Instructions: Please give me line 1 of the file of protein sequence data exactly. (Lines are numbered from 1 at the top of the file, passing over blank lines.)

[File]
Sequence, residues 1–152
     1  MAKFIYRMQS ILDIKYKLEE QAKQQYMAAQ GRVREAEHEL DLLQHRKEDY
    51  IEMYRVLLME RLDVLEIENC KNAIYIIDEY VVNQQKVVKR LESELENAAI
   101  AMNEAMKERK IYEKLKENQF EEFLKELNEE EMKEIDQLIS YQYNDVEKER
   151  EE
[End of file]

Sequence, residues 1–152